“You always prefer a spirited performance, Abbott,” laughed Blackwell, twirling his cane. “Our dear Mr. Dalton, however, is more than happy with a slightly slower, more, shall we say, meditative story line, eh, Dalton?”

I hadn’t been following the conversation, for I was thinking about this very play and wondering what I would have done in the protagonist’s place. Now, hearing my name, I pulled myself out of my reflections. “I’m sorry, my dear fellows, my mind wasn’t on the conversation.”

Blackwell, Abbot, and Morrison laughed together. Although good-natured, their laughter still left me feeling slightly vexed. Suddenly, I started, gazing down the dark alleyway on my left. “Did you hear that?” I questioned.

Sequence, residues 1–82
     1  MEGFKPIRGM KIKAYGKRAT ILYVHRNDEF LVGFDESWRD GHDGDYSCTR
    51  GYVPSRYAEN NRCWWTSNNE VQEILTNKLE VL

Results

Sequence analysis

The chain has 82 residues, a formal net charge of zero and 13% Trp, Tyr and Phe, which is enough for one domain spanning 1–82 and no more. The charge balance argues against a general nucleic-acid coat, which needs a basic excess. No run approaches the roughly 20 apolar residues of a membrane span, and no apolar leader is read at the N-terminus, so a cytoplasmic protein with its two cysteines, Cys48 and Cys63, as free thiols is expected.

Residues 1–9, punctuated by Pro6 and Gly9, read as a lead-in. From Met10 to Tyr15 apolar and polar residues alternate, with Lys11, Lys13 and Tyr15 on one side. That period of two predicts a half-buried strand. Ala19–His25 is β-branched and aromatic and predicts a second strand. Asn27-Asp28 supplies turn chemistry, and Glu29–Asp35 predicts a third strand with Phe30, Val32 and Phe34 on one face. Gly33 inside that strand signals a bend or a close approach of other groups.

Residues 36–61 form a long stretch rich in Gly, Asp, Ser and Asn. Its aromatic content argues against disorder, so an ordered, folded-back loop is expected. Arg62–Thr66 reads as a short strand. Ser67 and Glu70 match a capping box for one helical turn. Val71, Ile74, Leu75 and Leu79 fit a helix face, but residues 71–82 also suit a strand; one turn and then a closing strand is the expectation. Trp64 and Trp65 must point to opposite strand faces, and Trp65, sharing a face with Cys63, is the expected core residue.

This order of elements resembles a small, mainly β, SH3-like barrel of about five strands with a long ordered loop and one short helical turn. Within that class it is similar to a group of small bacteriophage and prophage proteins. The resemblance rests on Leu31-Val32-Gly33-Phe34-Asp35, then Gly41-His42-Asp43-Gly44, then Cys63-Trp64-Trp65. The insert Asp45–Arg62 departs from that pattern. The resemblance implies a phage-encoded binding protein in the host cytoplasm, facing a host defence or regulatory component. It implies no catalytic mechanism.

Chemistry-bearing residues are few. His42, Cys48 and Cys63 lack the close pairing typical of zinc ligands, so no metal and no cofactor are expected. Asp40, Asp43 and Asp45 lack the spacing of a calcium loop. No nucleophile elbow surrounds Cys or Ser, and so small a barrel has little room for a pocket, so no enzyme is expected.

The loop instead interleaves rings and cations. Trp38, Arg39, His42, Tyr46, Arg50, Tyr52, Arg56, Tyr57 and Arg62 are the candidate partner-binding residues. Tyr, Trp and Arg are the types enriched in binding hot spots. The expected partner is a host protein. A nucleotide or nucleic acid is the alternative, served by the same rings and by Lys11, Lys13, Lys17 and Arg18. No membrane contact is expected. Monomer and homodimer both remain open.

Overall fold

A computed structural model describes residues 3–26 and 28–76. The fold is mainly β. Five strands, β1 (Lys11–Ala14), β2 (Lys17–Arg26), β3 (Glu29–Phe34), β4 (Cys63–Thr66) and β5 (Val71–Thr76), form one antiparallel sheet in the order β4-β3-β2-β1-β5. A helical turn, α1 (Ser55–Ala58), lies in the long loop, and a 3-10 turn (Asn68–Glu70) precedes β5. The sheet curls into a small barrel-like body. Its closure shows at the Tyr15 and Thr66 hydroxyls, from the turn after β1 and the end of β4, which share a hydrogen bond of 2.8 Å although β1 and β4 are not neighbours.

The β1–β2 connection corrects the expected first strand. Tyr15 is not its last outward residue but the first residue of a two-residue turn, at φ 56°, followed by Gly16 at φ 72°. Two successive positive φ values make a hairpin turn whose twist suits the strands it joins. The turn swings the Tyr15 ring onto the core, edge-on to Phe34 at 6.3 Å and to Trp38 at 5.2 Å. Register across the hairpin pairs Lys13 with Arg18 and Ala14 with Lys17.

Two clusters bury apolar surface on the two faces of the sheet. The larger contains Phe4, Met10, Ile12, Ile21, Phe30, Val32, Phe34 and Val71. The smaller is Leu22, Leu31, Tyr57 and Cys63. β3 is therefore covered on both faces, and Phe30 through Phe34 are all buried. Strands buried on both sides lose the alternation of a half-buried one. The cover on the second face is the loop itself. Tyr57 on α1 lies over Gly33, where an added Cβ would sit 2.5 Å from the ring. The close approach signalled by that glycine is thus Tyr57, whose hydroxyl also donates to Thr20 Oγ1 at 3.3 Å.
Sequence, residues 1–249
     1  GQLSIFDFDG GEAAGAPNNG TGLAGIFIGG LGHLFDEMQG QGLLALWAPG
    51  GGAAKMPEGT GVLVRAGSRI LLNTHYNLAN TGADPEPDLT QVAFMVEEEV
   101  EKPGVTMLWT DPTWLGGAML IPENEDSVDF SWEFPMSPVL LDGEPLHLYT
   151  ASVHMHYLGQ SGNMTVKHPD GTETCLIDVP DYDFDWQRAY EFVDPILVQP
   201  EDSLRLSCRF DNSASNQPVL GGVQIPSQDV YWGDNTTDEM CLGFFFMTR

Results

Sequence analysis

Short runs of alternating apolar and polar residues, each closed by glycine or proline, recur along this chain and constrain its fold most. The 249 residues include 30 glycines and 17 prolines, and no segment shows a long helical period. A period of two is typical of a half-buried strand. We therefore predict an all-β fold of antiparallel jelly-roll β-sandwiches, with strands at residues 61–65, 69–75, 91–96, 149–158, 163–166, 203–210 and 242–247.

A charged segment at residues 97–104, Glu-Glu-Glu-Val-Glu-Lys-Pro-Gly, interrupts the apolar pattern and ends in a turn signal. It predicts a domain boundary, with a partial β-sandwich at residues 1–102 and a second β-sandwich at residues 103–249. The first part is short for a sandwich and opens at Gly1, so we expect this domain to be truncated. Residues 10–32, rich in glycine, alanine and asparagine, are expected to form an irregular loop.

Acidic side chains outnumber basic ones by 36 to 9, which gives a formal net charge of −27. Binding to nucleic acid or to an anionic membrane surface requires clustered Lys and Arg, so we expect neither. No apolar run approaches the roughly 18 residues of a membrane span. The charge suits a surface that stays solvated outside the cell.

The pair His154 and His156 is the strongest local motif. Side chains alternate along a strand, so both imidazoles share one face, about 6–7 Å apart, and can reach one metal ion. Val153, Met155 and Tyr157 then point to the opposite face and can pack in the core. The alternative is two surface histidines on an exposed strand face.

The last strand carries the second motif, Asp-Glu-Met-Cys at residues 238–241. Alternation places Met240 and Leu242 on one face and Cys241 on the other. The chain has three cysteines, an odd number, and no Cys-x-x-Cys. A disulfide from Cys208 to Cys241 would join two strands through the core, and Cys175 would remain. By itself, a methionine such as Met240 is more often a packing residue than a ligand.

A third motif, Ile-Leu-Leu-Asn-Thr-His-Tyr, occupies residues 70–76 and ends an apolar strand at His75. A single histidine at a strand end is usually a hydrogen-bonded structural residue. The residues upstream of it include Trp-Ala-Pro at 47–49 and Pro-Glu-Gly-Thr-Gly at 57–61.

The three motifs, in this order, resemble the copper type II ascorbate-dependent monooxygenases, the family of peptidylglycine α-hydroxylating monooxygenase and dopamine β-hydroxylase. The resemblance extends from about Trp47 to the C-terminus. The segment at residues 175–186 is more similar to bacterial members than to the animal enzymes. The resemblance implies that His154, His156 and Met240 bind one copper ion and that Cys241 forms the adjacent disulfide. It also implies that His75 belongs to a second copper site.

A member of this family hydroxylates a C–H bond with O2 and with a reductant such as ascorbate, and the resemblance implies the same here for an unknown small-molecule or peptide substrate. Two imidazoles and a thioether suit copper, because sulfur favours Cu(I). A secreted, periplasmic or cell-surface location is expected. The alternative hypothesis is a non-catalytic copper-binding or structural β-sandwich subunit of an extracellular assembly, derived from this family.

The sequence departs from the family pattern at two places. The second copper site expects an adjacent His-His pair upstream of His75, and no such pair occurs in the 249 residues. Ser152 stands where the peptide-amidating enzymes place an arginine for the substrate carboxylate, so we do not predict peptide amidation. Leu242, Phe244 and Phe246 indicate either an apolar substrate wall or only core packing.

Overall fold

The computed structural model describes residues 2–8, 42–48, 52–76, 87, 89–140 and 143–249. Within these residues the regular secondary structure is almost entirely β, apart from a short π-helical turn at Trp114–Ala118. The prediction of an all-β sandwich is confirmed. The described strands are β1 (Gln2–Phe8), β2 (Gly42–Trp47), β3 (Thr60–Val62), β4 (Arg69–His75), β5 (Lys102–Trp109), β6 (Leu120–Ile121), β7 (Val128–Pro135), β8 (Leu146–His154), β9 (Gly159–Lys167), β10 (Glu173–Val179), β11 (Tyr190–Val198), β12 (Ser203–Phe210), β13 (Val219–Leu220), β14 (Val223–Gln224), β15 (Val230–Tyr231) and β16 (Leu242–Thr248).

“Did we hear what?” returned Morrison.

“That sound. It almost sounded like a cry for help, did it not?” I asked.

“I believe Mr. Dalton is imagining himself to be a hero,” Blackwell jested.

The others chuckled their mutual agreement. I turned red under their badinage. We had been friends a long time, and our temperaments were well-known to each other. They had informed me on more than one occasion that I spent too many hours reading and dreaming. I paused for a second, hoping that the accusation was incorrect, still listening for the sound. I finally realized that Blackwell was right, and that the sound was just my imagination, nothing more. “Perhaps you are right. I must have imagined it,” I admitted, stepping away from the mouth of the alley, as our little party continued on its way.